July’s record-breaking rainfall may not be over – Forecasters say a monsoonal flow could hit Southern California on Wednesday, bringing more rain, thunder, lightning and muggy conditions into the weekend. The weather, which officials believe is tied to the El Niño system building in the Pacific, has been marked by contradictions. LA Times article

Michael Fitzgerald blog: Meet the new tunnels, worse than the old tunnels – UOP analyst Jeffrey Michael dismembers Brown’s revised tunnel proposal. Fitzgerald blog in Stockton Record

Plugging leaks with rate hike – Tens of thousands of homes and businesses in central Stockton could see their water bills jump nearly 33 percent by 2019, a “substantial” rate hike. For once, the drought isn’t to blame. Rather, the California Water Service Co.’s plan is based mostly on the need to upgrade deteriorating infrastructure. Stockton Record article

Study: Almond production close to being carbon-neutral – Almonds have a small carbon footprint compared to other nutrient-dense crops, according to a new study published by researchers from the University of California, Davis. Hanford Sentinel article

 Don Curlee: Grass turns brown, but weeds may not — The many suburban homeowners who are letting their lawns die to help conserve water may learn what farmers have known for their lifetimes — that weeds aren’t killed that easily. Curlee in Visalia Times-Delta

Landowners fight ban on new vineyards in Santa Monica Mountains area — Malibu vintners and grape growers will try Tuesday to persuade the Los Angeles County Board of Supervisors to lift a temporary ban on new vineyards, or extensions of existing ones, in the north Santa Monica Mountains. LA Times article


Criminal Justice/Prisons 

Push to scale back sentencing laws gains momentum – Now, with a push from President Obama, and perhaps even more significantly a nod from Speaker John A. Boehner, Congress seems poised to revise four decades of federal policy that greatly expanded the number of Americans — to roughly 750 per 100,000 — now incarcerated, by far the highest of any Western nation. New York Times article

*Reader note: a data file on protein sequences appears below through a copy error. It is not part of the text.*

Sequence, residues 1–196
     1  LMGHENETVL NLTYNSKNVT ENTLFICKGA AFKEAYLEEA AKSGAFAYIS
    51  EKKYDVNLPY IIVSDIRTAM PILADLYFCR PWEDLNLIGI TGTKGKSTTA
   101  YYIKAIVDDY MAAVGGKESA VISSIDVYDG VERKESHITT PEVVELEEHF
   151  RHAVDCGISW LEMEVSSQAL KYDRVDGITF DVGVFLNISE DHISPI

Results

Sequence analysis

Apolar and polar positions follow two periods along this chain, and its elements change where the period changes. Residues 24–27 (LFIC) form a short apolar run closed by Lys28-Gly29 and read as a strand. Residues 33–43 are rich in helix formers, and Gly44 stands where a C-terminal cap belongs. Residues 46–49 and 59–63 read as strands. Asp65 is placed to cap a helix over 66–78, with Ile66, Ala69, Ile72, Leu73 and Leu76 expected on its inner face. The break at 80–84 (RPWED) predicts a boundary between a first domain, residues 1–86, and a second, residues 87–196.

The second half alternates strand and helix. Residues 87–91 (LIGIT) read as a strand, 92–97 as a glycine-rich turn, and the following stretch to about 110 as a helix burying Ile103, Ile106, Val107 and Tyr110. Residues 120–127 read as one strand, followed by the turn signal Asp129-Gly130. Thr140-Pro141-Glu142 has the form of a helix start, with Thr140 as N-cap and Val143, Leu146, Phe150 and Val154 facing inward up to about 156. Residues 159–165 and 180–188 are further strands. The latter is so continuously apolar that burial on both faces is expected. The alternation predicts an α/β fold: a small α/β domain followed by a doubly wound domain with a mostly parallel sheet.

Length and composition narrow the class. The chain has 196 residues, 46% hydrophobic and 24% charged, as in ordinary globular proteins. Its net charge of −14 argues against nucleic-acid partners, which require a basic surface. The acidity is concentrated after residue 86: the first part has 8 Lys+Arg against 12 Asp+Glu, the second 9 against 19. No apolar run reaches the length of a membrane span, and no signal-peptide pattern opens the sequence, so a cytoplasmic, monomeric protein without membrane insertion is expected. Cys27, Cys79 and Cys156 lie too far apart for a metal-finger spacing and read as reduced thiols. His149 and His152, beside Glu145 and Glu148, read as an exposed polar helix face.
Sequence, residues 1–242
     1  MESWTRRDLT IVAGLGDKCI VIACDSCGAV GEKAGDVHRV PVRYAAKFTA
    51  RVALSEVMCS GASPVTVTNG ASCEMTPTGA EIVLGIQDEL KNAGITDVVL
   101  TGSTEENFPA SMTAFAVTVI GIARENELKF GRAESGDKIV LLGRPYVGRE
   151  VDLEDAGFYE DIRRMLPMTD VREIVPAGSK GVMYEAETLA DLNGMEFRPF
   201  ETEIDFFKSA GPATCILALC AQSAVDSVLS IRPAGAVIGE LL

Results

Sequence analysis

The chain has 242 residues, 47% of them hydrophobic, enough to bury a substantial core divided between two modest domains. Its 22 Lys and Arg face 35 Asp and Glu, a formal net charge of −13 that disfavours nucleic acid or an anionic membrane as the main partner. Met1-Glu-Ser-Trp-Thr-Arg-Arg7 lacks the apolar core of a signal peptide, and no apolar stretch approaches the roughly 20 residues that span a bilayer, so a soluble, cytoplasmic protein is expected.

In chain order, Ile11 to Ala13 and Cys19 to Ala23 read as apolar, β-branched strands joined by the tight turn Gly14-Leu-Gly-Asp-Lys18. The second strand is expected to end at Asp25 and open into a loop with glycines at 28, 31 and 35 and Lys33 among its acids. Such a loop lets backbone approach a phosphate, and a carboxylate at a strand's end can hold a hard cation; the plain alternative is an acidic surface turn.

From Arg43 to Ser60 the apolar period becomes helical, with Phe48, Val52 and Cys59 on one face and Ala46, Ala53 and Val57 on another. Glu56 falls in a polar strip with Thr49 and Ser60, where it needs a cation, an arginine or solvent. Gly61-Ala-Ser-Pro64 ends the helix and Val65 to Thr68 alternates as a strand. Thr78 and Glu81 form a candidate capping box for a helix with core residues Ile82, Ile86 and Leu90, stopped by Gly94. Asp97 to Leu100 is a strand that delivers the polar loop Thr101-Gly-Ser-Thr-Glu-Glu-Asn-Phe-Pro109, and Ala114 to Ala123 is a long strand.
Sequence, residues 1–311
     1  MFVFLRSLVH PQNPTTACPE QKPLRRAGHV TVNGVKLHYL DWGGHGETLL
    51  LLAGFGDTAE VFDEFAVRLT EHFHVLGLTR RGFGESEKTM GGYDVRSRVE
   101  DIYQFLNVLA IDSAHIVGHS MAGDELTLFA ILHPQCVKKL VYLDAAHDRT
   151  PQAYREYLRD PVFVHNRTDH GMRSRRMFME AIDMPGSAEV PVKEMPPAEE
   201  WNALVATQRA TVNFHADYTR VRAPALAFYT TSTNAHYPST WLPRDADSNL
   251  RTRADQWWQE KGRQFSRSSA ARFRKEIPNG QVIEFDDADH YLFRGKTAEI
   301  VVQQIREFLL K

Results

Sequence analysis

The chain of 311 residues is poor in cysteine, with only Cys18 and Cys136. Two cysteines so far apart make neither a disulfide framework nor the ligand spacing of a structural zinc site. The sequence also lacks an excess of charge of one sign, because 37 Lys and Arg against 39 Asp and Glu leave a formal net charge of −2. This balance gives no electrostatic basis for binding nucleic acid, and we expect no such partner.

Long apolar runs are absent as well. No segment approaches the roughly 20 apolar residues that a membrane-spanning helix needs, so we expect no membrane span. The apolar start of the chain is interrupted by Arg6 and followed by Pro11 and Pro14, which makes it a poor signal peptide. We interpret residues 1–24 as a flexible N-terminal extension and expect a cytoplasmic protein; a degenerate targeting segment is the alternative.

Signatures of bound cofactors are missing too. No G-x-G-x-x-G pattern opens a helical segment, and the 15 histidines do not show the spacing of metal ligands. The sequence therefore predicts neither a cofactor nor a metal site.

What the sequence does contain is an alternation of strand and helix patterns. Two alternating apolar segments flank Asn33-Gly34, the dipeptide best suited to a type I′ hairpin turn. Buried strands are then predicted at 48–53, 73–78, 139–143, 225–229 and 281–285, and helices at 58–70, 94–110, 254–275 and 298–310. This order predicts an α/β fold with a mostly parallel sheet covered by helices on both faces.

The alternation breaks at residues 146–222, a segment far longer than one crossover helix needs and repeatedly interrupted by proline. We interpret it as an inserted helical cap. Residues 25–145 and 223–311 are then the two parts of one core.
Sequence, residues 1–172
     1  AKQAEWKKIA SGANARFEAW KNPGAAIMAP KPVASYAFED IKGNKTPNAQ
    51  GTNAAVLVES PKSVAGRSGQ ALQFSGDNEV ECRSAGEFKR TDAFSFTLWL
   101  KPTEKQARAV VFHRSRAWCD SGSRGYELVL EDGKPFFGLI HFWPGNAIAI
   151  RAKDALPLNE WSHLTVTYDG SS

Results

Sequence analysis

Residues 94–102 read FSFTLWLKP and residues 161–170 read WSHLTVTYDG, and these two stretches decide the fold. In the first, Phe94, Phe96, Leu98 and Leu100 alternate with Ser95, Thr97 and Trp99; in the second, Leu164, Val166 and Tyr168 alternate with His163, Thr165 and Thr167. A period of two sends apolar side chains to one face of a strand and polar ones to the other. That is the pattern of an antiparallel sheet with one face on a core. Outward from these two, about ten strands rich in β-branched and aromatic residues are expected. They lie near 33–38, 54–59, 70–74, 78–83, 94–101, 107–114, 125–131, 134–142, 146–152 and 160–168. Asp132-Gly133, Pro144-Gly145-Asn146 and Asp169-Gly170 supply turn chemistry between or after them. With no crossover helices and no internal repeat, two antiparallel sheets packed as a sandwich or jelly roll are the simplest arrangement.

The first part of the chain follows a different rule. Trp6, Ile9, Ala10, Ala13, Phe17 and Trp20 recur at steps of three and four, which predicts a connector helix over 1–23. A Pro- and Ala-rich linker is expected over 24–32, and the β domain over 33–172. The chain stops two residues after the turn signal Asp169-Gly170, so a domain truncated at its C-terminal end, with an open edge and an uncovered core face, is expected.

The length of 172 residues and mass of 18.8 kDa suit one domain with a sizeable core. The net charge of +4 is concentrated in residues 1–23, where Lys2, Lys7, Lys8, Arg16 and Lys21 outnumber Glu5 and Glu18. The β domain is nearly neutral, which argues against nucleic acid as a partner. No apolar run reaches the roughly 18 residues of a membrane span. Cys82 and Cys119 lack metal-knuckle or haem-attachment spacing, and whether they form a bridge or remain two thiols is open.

Jeff Jardine: Family, pols deliver message to Brown’s doorstep regarding killer’s parole – In the shadows of the State Capitol building, they pleaded their case to Gov. Jerry Brown. They argued, begged and demanded that he reverse the parole board’s decision two weeks ago to release convicted murderer Jeffrey Maria after more than 35 years behind bars. Maria and three others brutally murdered Phillip and Kathy Ranzo in their Modesto home in 1979. They raped Kathy Ranzo. Jardine column in Modesto Bee

Online store created in honor of Bakersfield Police Department officer killed in line of duty — The family of a Bakersfield police officer who died in the line of duty last month has created an online store selling shirts to benefit a scholarship fund. The “Officer David Nelson Memorial Scholarship Merchandise Store” was created “in honor of David’s legacy,” his brother, Erik, said in an email. David Nelson died in a crash during the pursuit of a motorist in late June. Bakersfield Californian article

Judge denies request for juror information — Labeling it a “fishing expedition,” the judge hearing the Bank of the West robbery case denied a defense motion Monday afternoon seeking the identities of two of the 19 members of the grand jury that indicted Jaime Ramos and Pablo Ruvalcaba last December. Stockton Record article

Bank manager taken hostage breaks silence — Kelly Huber was accidentally shot as three heavily armed men drove away from the Bank of the West after robbing it and taking three hostages more than a year ago, she said Monday, the day her lawyer filed a lawsuit against the city of Stockton and the Police Department and up to 100 unidentified parties over the incident. Stockton Record article